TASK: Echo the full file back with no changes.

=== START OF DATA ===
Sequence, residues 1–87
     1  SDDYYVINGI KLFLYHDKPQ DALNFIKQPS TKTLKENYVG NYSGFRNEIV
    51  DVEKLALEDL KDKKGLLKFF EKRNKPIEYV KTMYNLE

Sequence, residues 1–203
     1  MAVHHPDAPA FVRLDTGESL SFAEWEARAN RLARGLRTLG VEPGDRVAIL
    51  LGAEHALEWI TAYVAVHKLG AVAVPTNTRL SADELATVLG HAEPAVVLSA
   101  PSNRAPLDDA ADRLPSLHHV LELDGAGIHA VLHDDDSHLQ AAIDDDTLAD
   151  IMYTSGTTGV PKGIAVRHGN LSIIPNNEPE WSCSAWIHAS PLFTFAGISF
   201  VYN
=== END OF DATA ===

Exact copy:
Sequence, residues 1–87
     1  SDDYYVINGI KLFLYHDKPQ DALNFIKQPS TKTLKENYVG NYSGFRNEIV
    51  DVEKLALEDL KDKKGLLKFF EKRNKPIEYV KTMYNLE

Sequence, residues 1–203
     1  MAVHHPDAPA FVRLDTGESL SFAEWEARAN RLARGLRTLG VEPGDRVAIL
    51  LGAEHALEWI TAYVAVHKLG AVAVPTNTRL SADELATVLG HAEPAVVLSA
   101  PSNRAPLDDA ADRLPSLHHV LELDGAGIHA VLHDDDSHLQ AAIDDDTLAD
   151  IMYTSGTTGV PKGIAVRHGN LSIIPNNEPE WSCSAWIHAS PLFTFAGISF
   201  VYN